Liu Ye, a Chinese Artist Whose Paintings of Children Reference Western Art History, Will Now Be Represented by David Zwirner

The gallery will show the painter's work at Art Basel Hong Kong later this month and in a 2020 solo show in New York.

Liu Ye. Image courtesy of David Zwirner Gallery.
Liu Ye. Image courtesy of David Zwirner Gallery.

David Zwirner gallery is now representing Liu Ye, the Chinese artist whose paintings depicting young children, the Dutch cartoon character Miffy, and fairy tales have been widely exhibited in Asia.

The gallery will show his work at this month’s edition of Art Basel Hong Kong, as well as in a solo show in New York in 2020.

“Liu’s work has seldom been shown in the United States—we are so excited to share his distinct vision with a broader audience,” said David Zwirner in a statement.

A number of blue-chip Western galleries, including Gladstone, Gagosian, and White Cube, have been adding Asian artists to their rosters as they expand their presence in Asia. Liu is the first Chinese-born artist that Zwirner has taken on since the gallery opened a Hong Kong space in 2015. (Before that the represented the Shanghai-born, Paris-based artist Yan Pei Ming.)

Liu studied mural painting at the Central Academy of Fine Arts as well as industrial design at Beijing’s School of Arts & Crafts. He later studied at the Hochschule der Künste in Berlin and went on to spend six years in Europe, including a six-month residency at the Rijksakademie in Amsterdam.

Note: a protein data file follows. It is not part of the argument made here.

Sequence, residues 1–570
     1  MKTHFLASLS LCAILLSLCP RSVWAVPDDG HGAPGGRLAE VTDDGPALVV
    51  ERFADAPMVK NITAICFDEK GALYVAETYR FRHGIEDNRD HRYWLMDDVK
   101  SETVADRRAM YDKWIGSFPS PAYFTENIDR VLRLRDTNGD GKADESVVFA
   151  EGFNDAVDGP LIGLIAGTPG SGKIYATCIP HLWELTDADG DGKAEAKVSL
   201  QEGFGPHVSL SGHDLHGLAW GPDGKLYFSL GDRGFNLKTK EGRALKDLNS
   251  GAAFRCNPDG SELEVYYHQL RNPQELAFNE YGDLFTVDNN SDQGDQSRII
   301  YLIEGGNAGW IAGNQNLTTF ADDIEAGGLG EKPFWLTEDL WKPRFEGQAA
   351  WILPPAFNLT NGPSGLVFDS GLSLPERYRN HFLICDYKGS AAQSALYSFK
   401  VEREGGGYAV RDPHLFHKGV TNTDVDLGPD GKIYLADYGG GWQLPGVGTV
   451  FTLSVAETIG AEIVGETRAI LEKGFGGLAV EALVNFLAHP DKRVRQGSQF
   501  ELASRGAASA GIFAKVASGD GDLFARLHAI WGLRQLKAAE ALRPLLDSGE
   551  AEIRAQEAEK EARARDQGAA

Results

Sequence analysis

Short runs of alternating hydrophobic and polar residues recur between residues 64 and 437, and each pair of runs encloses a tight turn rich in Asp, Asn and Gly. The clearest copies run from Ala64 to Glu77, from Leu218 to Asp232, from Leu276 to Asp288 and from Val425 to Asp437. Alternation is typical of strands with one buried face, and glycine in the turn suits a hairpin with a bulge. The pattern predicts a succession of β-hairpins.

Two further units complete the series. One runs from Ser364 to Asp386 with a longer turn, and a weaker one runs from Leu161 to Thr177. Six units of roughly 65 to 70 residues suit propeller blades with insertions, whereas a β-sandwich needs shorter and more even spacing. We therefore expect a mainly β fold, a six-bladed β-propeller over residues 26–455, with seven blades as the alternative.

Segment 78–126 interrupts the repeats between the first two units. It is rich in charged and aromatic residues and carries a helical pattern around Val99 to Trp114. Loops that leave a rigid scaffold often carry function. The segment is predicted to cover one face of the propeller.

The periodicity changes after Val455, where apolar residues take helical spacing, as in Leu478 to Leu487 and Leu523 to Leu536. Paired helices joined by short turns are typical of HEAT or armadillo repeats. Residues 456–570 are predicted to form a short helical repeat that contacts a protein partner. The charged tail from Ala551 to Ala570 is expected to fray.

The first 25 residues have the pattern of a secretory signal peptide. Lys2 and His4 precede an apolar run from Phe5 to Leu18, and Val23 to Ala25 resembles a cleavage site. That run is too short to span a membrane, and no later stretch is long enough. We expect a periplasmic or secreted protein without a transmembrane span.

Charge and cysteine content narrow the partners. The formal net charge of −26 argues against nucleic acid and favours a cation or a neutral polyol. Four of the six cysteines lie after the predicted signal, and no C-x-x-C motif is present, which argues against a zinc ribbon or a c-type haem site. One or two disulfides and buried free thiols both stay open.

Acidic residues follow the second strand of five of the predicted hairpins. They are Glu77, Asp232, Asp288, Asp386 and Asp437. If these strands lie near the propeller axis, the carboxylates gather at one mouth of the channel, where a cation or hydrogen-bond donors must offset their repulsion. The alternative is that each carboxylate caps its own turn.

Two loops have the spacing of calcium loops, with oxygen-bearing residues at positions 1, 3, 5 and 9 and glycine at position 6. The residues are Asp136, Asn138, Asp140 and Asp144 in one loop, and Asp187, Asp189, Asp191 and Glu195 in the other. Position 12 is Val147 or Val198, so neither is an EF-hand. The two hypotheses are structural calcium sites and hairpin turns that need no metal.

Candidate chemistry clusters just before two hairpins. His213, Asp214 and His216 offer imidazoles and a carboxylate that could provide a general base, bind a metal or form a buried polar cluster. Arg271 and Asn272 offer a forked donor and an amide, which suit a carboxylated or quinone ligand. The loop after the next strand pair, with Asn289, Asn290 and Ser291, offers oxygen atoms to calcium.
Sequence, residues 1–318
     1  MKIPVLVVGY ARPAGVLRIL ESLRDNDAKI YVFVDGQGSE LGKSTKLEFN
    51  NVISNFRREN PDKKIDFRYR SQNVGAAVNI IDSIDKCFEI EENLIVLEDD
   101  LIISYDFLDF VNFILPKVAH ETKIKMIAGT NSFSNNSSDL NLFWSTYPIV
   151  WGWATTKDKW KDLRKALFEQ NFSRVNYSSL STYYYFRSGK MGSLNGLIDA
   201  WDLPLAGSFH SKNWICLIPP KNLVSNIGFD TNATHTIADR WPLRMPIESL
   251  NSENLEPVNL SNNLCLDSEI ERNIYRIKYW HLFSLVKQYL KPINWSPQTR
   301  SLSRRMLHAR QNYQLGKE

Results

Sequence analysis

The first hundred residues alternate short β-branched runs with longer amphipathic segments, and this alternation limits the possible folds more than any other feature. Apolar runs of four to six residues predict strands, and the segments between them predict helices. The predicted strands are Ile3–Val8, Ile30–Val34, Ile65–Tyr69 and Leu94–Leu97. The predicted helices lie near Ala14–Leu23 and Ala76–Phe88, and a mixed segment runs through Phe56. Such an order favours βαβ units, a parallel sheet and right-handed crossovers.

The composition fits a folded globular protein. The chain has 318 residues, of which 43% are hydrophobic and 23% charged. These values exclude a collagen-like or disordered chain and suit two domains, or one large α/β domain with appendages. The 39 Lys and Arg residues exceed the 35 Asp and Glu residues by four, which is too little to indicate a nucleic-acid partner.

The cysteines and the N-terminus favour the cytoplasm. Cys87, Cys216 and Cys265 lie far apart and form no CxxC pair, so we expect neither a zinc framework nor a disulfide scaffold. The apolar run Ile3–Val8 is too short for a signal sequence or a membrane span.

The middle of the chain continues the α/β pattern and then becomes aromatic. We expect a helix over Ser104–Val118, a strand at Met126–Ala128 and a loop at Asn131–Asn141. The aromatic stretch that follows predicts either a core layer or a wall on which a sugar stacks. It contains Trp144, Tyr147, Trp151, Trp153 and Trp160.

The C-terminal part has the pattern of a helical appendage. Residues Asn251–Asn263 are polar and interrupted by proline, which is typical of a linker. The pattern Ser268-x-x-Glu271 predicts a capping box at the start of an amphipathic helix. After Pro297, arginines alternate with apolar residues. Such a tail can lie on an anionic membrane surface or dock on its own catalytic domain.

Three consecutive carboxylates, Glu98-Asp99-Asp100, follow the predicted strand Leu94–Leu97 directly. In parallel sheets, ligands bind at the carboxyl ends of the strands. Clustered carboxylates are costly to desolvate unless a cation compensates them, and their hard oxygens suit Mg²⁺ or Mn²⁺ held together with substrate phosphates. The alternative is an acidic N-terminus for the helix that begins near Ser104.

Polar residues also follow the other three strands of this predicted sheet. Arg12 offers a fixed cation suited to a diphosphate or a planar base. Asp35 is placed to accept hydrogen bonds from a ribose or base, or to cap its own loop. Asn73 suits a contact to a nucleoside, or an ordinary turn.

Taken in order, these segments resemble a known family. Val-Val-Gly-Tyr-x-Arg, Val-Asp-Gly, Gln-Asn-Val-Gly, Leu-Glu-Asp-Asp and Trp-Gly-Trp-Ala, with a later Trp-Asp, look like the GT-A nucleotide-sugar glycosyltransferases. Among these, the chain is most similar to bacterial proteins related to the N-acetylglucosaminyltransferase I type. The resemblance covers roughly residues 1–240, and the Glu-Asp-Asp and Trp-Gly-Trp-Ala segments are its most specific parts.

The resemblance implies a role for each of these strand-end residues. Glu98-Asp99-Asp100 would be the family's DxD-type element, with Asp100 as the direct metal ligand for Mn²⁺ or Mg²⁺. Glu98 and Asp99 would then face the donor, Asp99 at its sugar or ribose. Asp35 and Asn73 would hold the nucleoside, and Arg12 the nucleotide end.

Liu Ye, <i>Mondrian in the Morning</i> (2000). Image courtesy of the artist and David Zwirner Gallery.

Liu Ye, Mondrian in the Morning (2000). Image courtesy of the artist and David Zwirner Gallery.

The influence of Western art and architecture can be felt in Liu’s work, as traces of Jan van Eyck, Vermeer, Gerrit Rietveld, Paul Klee, and Piet Mondrian appear alongside visual references to Chinese traditions.

Liu’s auction record is $5.5 million, according to the artnet Price Database, set at Sotheby’s Hong Kong in 2013 for Sword (2001-02), a large oil painting of two young girls holding swords. The trees and brilliant red background are reminiscent of Song dynasty landscape paintings.

“Liu’s richly layered paintings,” Zwirner said in the statement, “are infused with an internal logic based on proportion and measure, harmony, and balance.”


Follow artnet News on Facebook:


Want to stay ahead of the art world? Subscribe to our newsletter to get the breaking news, eye-opening interviews, and incisive critical takes that drive the conversation forward.
  • Access the data behind the headlines with the artnet Price Database.

Share